Published November 30, 2021.
A snapshot from one of my favorite campaigns.
I moved back to my hometown of Asheville, NC from New York City in 2017 with very little money, a mountain of debt, and an ill-informed belief that being in a “smaller pond” was going to be easier for my career. I've always been ambitious and wanted to be able to have a career I could be proud of. New York was full of opportunity but I learned quickly that the world responds better to success than it does to potential. With that in mind, I moved back hoping I could make a splash in my hometown and scale that success into a global career, or at least a national one.
I know people think that the youth are arrogant because we want things on our own terms, but I think we're just hopeful. To tell the truth, I think I was more naive. I thought that everyone wanted what I wanted - life and in business and that we were all on the same page. We were not. I didn't have a full appreciation for how different business (and life) in a normal would be in comparison to the corporate/industrial and very much siloed experience I'd had experienced so far. Here I was, trying to produce Vogue ads for people who advertised in dying local newspaper. That's not a knock on my city, it's a realization that everyday business doesn't require $100K ads. Most businesses in America don't operate on a national or even regional level. Moreover, many don't want to. I was trying to force my aspirations on other people. Not my monkeys. Not my circus. Not my place.
Due to that disconnect, I spent my first two years broke. Living at home, building my agency during the day, and working in the kitchen of a local grocery store overnight for $9/hr. My first contract client offered me $6K a year and paid me in three-month installments.
After my first contract, work started to pick up here and there, and over the next three years, I experienced all the challenges that come with starting a business. I learned the market, found an angle, and figured out how to give people what they wanted. We continued to grow, and by the Summer of 2021, we were a team of 6, with two offices, an international list of clients, and a storefront in downtown Asheville (revenue diversification). But I was unhappy. I’d always billed myself as a "rare breed" of creative. One who offered an intersectional perspective, creative capabilities, and a passion for data and strategy. but that's not what I was doing. I'd become more of a social media/digital marketing agency than a creative one.
I was so determined to make my choices (up until that point) work and eager to establish myself as a business person and because we grew so fast, I didn’t have the time to be creative, read data, or find clients who appreciated what I wanted to bring to the table. I was spending my time (and my youth) managing client expectations and staff output. Furthermore, our overhead required such a level of income that it forced us to work with people who we didn’t enjoy and some who couldn't begin to respect what we were trying to do. I'd found myself on a hamster wheel of capitalist burnout. We’d gone from a creative agency to a communications firm and that was simply not my plan.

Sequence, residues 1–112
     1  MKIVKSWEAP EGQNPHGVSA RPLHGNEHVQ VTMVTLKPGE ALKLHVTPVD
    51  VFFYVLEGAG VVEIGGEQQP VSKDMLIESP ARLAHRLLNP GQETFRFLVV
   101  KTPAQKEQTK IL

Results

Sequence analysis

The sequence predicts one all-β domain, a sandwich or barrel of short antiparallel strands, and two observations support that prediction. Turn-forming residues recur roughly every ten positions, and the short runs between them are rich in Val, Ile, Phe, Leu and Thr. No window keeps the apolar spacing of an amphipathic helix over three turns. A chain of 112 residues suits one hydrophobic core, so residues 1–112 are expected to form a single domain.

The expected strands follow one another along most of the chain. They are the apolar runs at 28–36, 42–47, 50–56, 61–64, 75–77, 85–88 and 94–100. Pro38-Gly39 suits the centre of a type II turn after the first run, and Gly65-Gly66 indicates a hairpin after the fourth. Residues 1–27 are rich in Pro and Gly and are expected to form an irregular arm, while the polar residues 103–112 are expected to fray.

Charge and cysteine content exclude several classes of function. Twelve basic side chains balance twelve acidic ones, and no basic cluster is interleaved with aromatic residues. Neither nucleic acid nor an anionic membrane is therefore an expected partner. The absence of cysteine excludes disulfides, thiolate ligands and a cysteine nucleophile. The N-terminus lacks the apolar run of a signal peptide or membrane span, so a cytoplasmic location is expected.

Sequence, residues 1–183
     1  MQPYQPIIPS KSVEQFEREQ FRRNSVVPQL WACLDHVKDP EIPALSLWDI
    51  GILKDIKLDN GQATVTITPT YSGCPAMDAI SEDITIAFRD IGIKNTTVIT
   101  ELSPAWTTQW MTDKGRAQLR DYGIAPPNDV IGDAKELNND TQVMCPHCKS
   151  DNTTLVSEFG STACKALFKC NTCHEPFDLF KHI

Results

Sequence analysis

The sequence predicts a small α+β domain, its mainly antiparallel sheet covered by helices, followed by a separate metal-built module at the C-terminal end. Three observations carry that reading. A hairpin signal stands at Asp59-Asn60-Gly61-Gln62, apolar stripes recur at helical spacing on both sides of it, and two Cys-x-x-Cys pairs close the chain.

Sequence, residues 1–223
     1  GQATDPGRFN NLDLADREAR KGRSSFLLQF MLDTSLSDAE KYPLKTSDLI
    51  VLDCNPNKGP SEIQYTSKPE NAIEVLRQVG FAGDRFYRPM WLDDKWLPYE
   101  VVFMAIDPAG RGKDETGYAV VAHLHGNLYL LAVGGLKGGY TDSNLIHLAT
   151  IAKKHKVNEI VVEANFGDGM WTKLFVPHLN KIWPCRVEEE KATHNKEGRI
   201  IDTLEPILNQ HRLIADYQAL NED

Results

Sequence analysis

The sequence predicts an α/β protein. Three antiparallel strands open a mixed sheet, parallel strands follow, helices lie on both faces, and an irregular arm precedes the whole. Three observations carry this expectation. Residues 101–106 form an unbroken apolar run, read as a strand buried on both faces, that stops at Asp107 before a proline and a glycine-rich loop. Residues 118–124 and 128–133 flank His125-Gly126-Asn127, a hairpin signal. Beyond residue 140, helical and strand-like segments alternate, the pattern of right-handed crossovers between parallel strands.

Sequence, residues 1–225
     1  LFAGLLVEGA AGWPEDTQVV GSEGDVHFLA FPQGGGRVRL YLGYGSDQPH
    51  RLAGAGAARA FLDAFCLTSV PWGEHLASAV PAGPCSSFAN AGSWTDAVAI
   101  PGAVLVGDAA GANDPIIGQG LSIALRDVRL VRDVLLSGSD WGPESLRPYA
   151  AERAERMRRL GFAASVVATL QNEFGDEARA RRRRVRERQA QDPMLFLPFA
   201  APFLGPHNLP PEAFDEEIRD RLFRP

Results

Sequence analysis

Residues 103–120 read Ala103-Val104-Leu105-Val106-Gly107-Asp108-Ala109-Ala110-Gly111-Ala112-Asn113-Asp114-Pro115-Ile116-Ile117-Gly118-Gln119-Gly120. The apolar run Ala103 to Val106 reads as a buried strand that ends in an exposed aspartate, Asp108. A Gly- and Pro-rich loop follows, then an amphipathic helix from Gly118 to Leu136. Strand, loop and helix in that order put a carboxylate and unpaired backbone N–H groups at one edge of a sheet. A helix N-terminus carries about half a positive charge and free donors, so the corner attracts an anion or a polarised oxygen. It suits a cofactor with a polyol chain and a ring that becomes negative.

It took some time and some therapy, but come the Fall, I had accepted that I could not put this genie back in its bottle and I was going to have to make a choice. Either stop running and regroup or ride my little hamster wheel right into hell - excuse the mixed metaphors.
So I got off. I had to accept that this version of success came at a cost that I could no longer pay. I've been a professional in this industry since I was 16 years old. First as a stylist, then a publicist, and now as a creative consultant. I started my company to bring something new to the conversation and to change the way the consumer-goods industry operates. I’ve always been the youngest person in the room and usually the only person of color. Even though Black people and millennials/Gen-Z are two of the biggest and most loyal consumer groups on the planet, we are never represented. I realized that there was a need for someone who could hold space and nuance. Someone from the South who understood how big cities and markets worked, and someone from a different perspective who could speak the language of business. Somewhere along the way, I lost that. I don’t know if it was my naivete, the pandemic, or just us as a business growing too fast. Either way, it happened. And to continue down that path would’ve been dishonest to who I am and how I want to show up in this world. So I closed it.
I fell in love with marketing and business the first time I picked up a Vogue. When I realized that commerce, capitalism, and all the things that take up space and take our money, could give us something in return. That the dollars we spend at the mall could tell our stories, create beauty, and even fund dreams. So I'm here to reclaim mine.
When I started in fashion, they told us that fashion was art meets commerce. When I worked with nonprofits and politicians, I was told that effective communication placed a monetary value on a priceless story. So what happens if we bring the fullness of humanity back into business? What will the world make of a queer Black man who is equally as passionate about Dior as he is about data? One who writes recipes as well as he writes reports. And who believes that the products and brands filling our homes are as much a part of our story as people within them. I can honestly tell you that I'm not sure yet and that I'm equally as terrified as I am eager, to I find out.